Hawaiʻi votes to protect coral reefs — from our sunscreen

A coral reef, pictured above, in the Papahānaumokuākea Marine National Monument in Hawaiʻi. (© James Watt/NOAA/Flickr Creative Commons)

Hawaiʻi Governor David Ige will sign a bill tomorrow to prohibit the sale of sunscreens containing chemicals that contribute to the destruction of coral reefs.

Hawaiʻi is the first state in the U.S. to pass such a law, which met with praise from conservationists.

“Conservation International applauds the state of Hawai’i for recognizing the importance of corals and taking this bold step forward towards improving the protection of Hawaii’s world-class reefs,” said Matt Ramsey, director of Conservation International Hawaiʻi. “The significance of this action will extend far beyond the islands. With 9 million visitors each year, Hawaii’s commitment will educate consumers worldwide about the harmful effects that sunscreen can have on marine life.”

Scientists estimated about 14,000 tons of sunscreen ends up in coral reefs each year. The bill bans the sale of sunscreens that contain the chemicals oxybenzone and octinoxate, which are used in more than 3,500 of the world’s most popular sunscreen products.

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A 2015 study found that oxybenzone “leaches the coral of its nutrients and bleaches it white. It can also disrupt the development of fish and other wildlife.” Octinoxate may cause similar problems but there are fewer studies about the chemical to prove these claims.

Consumers can still wear over-the-counter sunscreens that don’t contain these chemicals and prescription sunscreens that have these chemicals.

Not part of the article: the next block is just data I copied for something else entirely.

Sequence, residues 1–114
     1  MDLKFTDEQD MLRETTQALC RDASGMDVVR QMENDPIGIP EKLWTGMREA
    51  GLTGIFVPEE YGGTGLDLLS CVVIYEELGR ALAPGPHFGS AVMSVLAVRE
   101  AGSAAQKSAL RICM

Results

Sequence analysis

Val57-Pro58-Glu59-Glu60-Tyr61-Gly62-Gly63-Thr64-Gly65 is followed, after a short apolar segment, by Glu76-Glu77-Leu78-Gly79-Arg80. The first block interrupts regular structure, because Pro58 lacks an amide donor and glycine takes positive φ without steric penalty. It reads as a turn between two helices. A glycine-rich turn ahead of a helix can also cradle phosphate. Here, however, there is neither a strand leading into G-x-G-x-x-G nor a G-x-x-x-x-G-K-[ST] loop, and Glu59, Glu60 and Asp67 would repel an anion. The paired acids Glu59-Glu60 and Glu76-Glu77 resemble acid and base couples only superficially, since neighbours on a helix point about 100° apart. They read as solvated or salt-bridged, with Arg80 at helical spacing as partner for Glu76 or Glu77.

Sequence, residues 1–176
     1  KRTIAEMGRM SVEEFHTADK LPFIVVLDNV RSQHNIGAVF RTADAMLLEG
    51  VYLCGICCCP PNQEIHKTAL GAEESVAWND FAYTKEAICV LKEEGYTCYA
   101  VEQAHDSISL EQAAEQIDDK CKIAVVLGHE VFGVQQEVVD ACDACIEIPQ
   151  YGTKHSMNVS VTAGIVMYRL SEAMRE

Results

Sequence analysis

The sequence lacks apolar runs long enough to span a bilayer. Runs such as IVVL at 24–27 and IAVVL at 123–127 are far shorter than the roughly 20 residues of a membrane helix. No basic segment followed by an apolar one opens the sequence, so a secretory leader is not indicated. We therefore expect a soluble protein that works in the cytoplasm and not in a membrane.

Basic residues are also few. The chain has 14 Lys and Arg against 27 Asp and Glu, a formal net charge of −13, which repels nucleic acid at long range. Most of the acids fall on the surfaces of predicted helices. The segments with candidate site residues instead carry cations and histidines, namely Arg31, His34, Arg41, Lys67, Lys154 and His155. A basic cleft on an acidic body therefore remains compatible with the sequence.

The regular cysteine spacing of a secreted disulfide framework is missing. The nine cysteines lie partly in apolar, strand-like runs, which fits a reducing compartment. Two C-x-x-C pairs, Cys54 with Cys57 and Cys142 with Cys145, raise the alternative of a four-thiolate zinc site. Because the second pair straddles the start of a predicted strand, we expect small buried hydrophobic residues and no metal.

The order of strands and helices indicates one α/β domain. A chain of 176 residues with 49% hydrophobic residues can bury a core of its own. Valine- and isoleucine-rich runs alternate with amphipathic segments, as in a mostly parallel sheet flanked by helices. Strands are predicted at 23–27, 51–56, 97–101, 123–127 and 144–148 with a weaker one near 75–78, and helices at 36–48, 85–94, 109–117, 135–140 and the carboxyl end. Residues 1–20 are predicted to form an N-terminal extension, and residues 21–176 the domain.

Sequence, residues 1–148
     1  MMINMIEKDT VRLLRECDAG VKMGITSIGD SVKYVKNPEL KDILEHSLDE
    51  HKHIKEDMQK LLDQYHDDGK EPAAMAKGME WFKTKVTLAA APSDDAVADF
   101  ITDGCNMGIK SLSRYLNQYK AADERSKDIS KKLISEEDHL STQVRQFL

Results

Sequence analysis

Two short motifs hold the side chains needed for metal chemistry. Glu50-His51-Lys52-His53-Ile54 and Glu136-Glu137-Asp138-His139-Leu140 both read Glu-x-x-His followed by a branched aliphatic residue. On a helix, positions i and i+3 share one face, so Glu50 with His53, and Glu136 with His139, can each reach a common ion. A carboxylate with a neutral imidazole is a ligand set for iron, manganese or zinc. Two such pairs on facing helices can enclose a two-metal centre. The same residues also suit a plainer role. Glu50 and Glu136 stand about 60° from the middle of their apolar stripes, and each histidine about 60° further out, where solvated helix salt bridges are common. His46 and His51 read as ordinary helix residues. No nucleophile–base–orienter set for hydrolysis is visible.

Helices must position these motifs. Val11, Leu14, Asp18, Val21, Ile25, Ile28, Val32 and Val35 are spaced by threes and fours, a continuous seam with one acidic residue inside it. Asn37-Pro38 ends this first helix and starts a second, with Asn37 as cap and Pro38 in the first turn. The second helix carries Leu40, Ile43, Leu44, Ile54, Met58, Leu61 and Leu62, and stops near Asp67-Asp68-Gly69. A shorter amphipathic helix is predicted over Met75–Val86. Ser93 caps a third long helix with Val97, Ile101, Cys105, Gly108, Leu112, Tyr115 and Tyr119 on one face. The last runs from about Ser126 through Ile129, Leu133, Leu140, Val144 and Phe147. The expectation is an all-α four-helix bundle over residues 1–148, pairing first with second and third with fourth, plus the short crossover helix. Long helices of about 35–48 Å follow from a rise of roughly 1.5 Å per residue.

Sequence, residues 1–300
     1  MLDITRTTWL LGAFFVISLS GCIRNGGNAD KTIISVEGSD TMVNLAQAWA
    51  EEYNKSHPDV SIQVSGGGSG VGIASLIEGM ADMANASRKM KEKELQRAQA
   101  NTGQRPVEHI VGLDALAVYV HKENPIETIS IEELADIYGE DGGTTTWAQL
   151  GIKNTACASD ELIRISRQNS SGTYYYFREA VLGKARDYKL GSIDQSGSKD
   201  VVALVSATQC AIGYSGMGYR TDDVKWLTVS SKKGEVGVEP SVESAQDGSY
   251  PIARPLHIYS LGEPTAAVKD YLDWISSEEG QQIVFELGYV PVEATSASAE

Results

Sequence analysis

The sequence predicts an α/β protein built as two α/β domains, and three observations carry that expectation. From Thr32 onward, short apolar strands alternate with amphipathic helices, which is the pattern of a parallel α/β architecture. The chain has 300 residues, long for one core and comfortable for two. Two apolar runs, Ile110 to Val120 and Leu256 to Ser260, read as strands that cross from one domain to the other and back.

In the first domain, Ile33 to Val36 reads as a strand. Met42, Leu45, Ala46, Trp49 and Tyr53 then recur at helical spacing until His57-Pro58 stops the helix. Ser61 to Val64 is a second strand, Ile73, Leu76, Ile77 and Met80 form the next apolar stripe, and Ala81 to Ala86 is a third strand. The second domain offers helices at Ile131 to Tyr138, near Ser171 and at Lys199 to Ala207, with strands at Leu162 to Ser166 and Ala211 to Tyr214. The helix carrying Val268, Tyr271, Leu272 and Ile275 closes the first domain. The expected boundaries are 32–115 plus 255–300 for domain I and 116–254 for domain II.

Hawaii’s coral reefs are under stress from other threats including warming oceans, overfishing and invasive species. In response to these stressors, reefs can “tip” into a degraded state that may be difficult to reverse.

Hawaii’s communities rely on coral reefs for seafood. According to a recent study, 84 percent of the fish caught in Hawaii’s reefs are obtained by local fishers, who use their fish to feed their families and to sell to local markets. As coral reefs deplete, so do the fish populations.

“Coral reefs are a critical component of our food, culture, economy and overall way of life. We simply must protect them,” Ramsey said.

This law is the most recent in a spate of other bills the state has passed to protect the environment and combat climate change. Other recent bills in Hawai‘i aim to achieve carbon neutrality by 2045 and to create a carbon offset program to help meet this target. By the same year, the state expects to reach its goal of using 100 percent renewable energy.

Hawaii’s sunscreen law will take effect in 2021.

Morgan Lynch is a staff writer for Conservation International.

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